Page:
The first Takedown Breakdown last week focused on Petr Yan and how he utilized head movement and footwork to set up a slick duck-under on veteran wrestler Urijah Faber.
Yan is emerging as one of the best at understanding the links between striking and grappling, but another bantamweight — the great Dominick Cruz — has been demonstrating those links throughout his entire career.
Against some of the more basic wrestle-boxers he faced, the unpredictability of his striking entries usually led to tense or exaggerated responses from his opponents. Cruz could then feint entries and hit his leg attacks at a high percentage. To deal with this, many fighters took initiative and pressed Cruz, typically winging power shots while moving in on a straight line. While his head movement and backfoot positioning could be janky at times, he was elusive enough to keep his opponents chasing, which fed into reactive takedowns.
Let’s take a look at how Cruz set up a beautiful double leg on Takeya Mizugaki by combining these concepts.
Throughout his career, we’ve seen Cruz make use of the “dart” striking entry, a lead rear straight on an angle. Bursting in diagonally, Cruz likes to dip off to his left and bump back into his usual stance.
While the dart could be utilized for opening up further striking opportunities, Cruz prefers to touch and go, frustrating his opponents. It’s also fair to say that Cruz’s positioning doesn’t typically allow for him to open up in combination off that entry.
More often than not, when Cruz darts in, his opponent swings to counter.
In my first take on this fight for MMASucka, I profiled the basic dynamic of this fight.
“An offensive, boxing-centric fighter, Mizugaki was intent on stalking Cruz to land his trusty left hook. This made it possible for Cruz to lure Mizugaki into following him, and then abruptly change direction and spring back in for a right hand.”
Leading into this sequence, Dominick Cruz is circling off the cage to his right, into Mizugaki’s lead hand. Cutting to the opposite side and shooting a straight caused Mizugaki to shell and plant, for one moment. Mizugaki wasn’t completely frozen, he uncovered the second he felt the strike blocked and threw back with his rear hook, but Cruz had disappeared.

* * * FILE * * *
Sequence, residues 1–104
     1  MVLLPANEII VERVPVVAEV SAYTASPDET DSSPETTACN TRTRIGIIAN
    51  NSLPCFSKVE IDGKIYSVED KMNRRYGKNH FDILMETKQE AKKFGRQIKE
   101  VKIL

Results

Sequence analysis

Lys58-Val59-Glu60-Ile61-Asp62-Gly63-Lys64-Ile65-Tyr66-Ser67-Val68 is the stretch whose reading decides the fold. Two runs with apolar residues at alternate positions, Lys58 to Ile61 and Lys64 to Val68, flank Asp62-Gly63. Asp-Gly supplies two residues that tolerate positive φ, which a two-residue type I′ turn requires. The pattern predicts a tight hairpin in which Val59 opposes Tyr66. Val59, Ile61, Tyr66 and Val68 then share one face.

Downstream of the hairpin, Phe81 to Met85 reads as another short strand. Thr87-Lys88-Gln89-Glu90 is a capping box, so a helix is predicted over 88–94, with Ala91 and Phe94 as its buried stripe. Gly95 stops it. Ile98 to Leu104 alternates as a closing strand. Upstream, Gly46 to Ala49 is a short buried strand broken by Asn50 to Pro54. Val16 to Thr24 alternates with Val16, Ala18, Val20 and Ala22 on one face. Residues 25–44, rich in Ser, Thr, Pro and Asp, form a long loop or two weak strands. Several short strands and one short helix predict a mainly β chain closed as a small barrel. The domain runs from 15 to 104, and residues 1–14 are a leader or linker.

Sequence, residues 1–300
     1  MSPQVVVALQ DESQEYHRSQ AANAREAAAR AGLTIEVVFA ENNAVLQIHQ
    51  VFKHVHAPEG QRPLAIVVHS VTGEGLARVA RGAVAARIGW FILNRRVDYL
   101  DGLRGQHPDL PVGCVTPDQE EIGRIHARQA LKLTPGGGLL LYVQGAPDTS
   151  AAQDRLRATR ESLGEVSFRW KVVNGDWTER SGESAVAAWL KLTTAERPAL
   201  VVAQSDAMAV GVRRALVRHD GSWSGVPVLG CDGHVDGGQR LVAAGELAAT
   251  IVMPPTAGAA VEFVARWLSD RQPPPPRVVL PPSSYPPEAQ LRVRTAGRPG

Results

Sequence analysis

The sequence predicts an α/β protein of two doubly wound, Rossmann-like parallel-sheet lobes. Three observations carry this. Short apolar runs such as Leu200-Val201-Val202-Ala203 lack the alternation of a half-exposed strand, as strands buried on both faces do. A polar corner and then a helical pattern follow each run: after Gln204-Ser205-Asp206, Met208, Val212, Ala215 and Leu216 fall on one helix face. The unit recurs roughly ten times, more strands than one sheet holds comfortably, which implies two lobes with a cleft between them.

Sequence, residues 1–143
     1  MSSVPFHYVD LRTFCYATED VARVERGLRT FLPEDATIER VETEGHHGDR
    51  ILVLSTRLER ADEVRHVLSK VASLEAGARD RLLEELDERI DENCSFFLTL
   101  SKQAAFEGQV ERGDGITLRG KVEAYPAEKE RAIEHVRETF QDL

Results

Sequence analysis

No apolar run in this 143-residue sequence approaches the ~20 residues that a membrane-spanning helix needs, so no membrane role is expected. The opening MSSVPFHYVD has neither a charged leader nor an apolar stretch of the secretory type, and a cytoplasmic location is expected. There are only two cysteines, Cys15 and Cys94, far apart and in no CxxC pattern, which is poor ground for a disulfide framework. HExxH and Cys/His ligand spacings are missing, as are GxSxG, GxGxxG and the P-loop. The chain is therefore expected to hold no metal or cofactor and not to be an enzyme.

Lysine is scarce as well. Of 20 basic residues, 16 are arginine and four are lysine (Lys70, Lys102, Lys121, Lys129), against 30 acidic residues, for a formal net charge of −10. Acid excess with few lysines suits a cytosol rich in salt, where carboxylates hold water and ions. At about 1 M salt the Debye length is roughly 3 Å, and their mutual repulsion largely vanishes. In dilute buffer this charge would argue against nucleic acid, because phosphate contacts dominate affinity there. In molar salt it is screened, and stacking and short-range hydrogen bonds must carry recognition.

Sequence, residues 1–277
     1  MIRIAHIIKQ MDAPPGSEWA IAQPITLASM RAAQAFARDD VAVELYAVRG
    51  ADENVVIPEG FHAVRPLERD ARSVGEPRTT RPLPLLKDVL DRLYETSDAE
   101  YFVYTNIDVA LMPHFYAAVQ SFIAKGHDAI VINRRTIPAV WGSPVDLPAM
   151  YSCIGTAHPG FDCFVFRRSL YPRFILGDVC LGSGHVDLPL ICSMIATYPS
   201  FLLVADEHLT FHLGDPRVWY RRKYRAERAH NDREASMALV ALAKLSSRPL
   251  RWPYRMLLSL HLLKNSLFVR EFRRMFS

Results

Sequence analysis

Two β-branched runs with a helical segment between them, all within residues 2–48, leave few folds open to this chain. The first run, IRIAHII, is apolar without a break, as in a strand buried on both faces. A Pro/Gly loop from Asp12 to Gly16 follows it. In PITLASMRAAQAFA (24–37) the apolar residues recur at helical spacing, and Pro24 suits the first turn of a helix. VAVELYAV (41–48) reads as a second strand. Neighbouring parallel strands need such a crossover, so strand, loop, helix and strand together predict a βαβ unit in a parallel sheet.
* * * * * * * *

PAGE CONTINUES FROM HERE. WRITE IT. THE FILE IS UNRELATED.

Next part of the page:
Boxing purists will likely point out that Cruz’s trunk movement is exaggerated, his movement is largely bending at the waist. Ideally, he’d be maintaining solid posture while using his lower body to adjust levels.
However, this is where the takedown entry begins, Cruz has more important work to be doing with his legs. To put himself in a wrestling-ready position, Cruz is stepping through the rear straight to close the distance and gain a window on the right side of Mizugaki’s hips.
By moving off slightly to his left on the entry, Cruz was able to replace his lead leg and plant it in the center of Mizugaki’s stance. A closed stance match-up like that is perfect for double legs in MMA, especially when you’ve got an opening on the hips and an opponent throwing high.
Cruz takes a short step in on that lead leg to penetrate, posturing to press his head to Mizugaki’s hip. On a traditional double, the attacking wrestler completely drops that lead knee to the ground, pivots to turn the corner and collapses the legs as they drive on that angle. Standing, it’s a bit more complicated.
Fantastic MMA wrestler Zach Makovsky recently shared some insight on his double leg philosophies.
The entry on this double was fantastic, but the finish is what really turns heads. Cruz lifts high on the near-side of the double while driving to the far-side, forcing Mizugaki to attempt to balance on one leg.
Cruz is keeping that near leg stable while pulling on the far leg, collapsing Mizugaki’s base as he runs him over. With this approach alone, Cruz probably would have finished in full or half guard.
Once he feels that resistance fade, in a split second, Cruz adjusts. His presses his head hard, higher toward the ribs, and yanks both legs back and up. By waiting on Mizugaki’s base to break, Cruz only needs to exert himself on a lift for the very end of the finish while still gaining a dominant position - side control.
Cruz isn’t the only MMA fighter to time explosive shot finishes, but it’s rare to see such precision on a takedown with constant movement like this double from Cruz.
Thank you to everyone who submitted their suggestions on Twitter, there’s more to come!